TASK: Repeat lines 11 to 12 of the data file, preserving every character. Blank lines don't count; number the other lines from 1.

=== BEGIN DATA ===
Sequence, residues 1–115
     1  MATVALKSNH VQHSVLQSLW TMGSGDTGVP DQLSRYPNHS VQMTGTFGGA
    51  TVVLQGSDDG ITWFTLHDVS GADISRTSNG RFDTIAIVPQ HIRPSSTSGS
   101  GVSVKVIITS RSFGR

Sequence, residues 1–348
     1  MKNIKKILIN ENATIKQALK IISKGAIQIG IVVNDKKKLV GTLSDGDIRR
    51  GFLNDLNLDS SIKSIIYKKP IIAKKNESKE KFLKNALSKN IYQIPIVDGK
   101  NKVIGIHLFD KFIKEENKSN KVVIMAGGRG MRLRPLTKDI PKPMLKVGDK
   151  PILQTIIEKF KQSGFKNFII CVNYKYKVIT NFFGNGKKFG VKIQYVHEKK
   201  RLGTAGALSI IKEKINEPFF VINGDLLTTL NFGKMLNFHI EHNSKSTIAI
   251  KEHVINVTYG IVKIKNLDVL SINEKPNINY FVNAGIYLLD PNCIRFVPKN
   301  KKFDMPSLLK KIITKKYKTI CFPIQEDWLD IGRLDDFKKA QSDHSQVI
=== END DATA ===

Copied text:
   251  KEHVINVTYG IVKIKNLDVL SINEKPNINY FVNAGIYLLD PNCIRFVPKN
   301  KKFDMPSLLK KIITKKYKTI CFPIQEDWLD IGRLDDFKKA QSDHSQVI